November 25, 2014

Wrong GROUP BY makes your queries fragile

This is probably well known issue for everyone having some MySQL experience or experience with any other SQL database. Still I see this problem in many production applications so it is worth to mention it, especially as it is connected to MySQL Performance. No it might not affect MySQL Performance per say but it limits our ability tune MySQL Performance as queries become fragile – changing execution plan leads to different query results.

So what I’m speaking about ?

Lets say you have query something like SELECT A,B,MAX(C) FROM TBL GROUP BY A – what would you expect from such query ? Column A is part of group by so its value is same for whole group. MAX(C) is also particular value for each group, while B is not part of GROUP BY and may well correspond to different values. Which one are you looking to get ? In fact this is where results becomes non-deterministic and fragile – any B from the group could be returned, while you might be expecting some particular one.

Many other DBMS and ANSI SQL Simply forbids such queries, MySQL is more permissive and will return you first B it runs into. This value however can be dependent on selected execution plan and change if you add some indexes. Also plan may change as database statistics changes and your query may become broken without any reason.

My Advice is to stay away from such group by statements, however as usually there are exceptions and such GROUP BY statements may be faster than alternatives. Assume for example we have non-normalized table (or join result) where two columns have 1-1 relationship. For example we have user id and login which are both unique. In this case running

SELECT id,login,max(login_time) FROM log GROUP BY id,login May be replaced by SELECT id,login,max(login_time) FROM log GROUP BY id which may be faster especially if GROUP BY is executed via sorting.

In this case even though we do not know which value from the group will be returned we do not care as it will be same for all rows.

About Peter Zaitsev

Peter managed the High Performance Group within MySQL until 2006, when he founded Percona. Peter has a Master's Degree in Computer Science and is an expert in database kernels, computer hardware, and application scaling.

Comments

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  2. Lukas says:

    I recommend people enable the sql mode to prevent these kinds of queries:

    #

    ONLY_FULL_GROUP_BY

    Do not allow queries for which the SELECT list refers to non-aggregated columns that are not named in the GROUP BY clause. The following query is invalid with this mode enabled because address is not named in the GROUP BY clause:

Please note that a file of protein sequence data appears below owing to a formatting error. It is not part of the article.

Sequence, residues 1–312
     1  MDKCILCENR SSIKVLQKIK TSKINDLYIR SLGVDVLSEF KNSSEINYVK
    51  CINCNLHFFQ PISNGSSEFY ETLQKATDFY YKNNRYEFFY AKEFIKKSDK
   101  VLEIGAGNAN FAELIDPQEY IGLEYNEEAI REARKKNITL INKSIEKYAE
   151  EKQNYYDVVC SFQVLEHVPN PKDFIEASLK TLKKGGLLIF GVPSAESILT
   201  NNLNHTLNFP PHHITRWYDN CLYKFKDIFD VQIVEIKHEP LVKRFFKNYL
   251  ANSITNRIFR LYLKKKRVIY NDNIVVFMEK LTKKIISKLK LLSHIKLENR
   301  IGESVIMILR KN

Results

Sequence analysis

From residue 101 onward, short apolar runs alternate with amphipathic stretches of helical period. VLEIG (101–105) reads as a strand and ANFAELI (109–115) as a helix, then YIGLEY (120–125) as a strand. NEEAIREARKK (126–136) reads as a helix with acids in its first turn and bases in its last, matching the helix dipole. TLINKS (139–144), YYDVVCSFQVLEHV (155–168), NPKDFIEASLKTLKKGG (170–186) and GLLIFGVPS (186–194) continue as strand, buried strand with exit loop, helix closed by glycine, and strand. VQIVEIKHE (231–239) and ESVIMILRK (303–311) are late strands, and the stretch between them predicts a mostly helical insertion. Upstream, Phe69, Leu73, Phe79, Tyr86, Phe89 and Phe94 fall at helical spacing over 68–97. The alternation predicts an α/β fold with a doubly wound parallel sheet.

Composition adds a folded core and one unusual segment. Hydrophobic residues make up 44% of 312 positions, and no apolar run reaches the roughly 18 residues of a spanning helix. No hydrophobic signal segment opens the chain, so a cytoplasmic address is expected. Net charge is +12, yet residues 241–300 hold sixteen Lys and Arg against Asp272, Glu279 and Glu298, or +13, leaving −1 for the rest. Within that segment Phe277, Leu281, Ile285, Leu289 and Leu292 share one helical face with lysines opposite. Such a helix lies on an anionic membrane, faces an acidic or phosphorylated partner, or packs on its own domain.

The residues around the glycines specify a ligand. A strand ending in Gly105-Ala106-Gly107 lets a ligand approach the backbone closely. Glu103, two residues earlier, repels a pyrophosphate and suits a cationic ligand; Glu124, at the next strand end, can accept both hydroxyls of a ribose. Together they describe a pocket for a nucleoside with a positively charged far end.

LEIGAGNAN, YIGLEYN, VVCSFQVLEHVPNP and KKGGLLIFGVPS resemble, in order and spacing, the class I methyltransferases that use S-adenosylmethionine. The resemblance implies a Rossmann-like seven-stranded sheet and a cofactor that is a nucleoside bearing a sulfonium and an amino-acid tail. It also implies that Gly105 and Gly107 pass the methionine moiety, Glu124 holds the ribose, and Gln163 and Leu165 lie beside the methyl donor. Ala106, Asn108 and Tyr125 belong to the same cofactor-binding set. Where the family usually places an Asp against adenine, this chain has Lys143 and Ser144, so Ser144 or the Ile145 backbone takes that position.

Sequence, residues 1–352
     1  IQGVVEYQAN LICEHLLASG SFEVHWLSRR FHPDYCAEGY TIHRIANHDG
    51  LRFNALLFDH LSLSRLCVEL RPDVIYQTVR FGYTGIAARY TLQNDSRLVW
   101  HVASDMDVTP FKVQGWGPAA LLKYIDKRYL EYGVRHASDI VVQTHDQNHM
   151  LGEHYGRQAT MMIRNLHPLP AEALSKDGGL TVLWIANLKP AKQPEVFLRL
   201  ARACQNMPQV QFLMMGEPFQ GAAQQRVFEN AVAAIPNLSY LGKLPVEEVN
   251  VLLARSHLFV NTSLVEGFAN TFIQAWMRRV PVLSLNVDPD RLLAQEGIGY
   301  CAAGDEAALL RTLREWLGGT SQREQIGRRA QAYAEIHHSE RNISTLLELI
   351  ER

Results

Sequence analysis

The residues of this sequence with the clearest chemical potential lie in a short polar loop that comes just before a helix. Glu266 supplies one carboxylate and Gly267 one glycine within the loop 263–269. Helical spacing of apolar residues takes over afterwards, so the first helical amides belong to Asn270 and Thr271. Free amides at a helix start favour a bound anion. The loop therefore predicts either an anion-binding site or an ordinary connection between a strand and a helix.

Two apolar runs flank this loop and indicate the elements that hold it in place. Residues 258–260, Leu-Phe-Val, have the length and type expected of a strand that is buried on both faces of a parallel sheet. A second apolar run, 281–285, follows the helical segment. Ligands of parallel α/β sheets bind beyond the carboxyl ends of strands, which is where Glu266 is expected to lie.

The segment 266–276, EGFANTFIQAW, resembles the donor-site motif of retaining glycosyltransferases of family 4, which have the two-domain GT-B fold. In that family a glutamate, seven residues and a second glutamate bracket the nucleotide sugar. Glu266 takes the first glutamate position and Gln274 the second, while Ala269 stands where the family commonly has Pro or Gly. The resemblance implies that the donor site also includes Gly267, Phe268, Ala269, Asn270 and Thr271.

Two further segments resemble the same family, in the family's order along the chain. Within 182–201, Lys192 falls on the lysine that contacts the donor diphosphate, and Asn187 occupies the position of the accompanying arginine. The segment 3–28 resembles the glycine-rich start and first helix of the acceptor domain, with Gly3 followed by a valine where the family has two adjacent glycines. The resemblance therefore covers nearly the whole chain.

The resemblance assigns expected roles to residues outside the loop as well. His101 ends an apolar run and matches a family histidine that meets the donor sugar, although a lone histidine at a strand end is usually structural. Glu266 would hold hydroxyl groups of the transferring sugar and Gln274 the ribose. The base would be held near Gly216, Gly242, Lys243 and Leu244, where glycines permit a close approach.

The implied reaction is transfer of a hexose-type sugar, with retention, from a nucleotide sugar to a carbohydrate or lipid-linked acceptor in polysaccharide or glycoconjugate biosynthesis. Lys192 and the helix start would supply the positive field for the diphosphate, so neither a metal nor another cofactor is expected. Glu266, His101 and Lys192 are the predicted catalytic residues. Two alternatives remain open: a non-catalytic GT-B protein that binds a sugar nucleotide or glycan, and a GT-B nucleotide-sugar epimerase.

SELECT name, address, MAX(age) FROM t GROUP BY name;

    As of MySQL 5.0.23, this mode also restricts references to non-aggregated columns in the HAVING clause that are not named in the GROUP BY clause.

  3. Sheeri says:

    especially if GROUP BY is executed via sorting.

    Um, in your example, you say that id and login are unique — I’m assuming that’s enforced with UNIQUE KEY, right? The internals manual states that GROUP BY uses sorting when there is no index…..so while you are correct in the general case, that GROUP BY may be faster if it does not have to sort, your example does not fit your point.

    The query in your example is a bad one, but not because of the optimizer’s behavior. The query is poor (and I’m sure it’s straight from clients who need your help!) because you do not NEED to GROUP BY 2 elements if they have a 1:1 relationship. Folks need to pick one element in that case. I’m sure other DBMS’ don’t handle this case “right” either.

    This can be summed up with a “Best practice” — “Do not GROUP BY more than you need to.”

    see
    http://dev.mysql.com/doc/internals/en/optimizer.html
    under “GROUP BY”

  4. peter says:

    Sheeri,

    In my example I’m saying login and id have one to one relationship in schema. But they are not unique in this example – This is “log” table which for example logs all accesses by users including their id and login.

    I also do not understand you further comment – I specially show this as a case when columns can be accessed in group by even though they are not being grouped by.

    Really it does not have to be one to one relationship, it is enough to have same value for particular value of the column in group by. For example if we have City and County and each City corresponds to only one County we could have something like:

    SELECT county,city, avg(age) FROM people GROUP BY city;

    Not correct according to the standard but should not be fragile as there is only one county per city so it does not matter which one will be picked.

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  6. jawaharlal says:

    select sum of marks for all six columns and display the count more than one row.
    my query is like following

    select max(marks) from xyz where class=’abc’ group by sname;

  7. marcus says:

    SELECT name, address, MAX(age) FROM t GROUP BY name;

    isnt this sql statement wrong? if you are grouping by name, you get a subset of address and age. on age you are applying an aggregate operator (MAX), but which item of the subset is seleected from address?

    if table name, address, age contains

    meier, street a, 23
    meier, street b, 26

    the group-by subset should be meier, (street a, street b), (23, 26)

    max means

    meier, (???), 26

    so i’d expect sorta subset instead of questionmark. which aggregate operator is applied here? and, isnt it fatal for development to select apples and max(price) while grouping by peaches?

    regards,
    marcus

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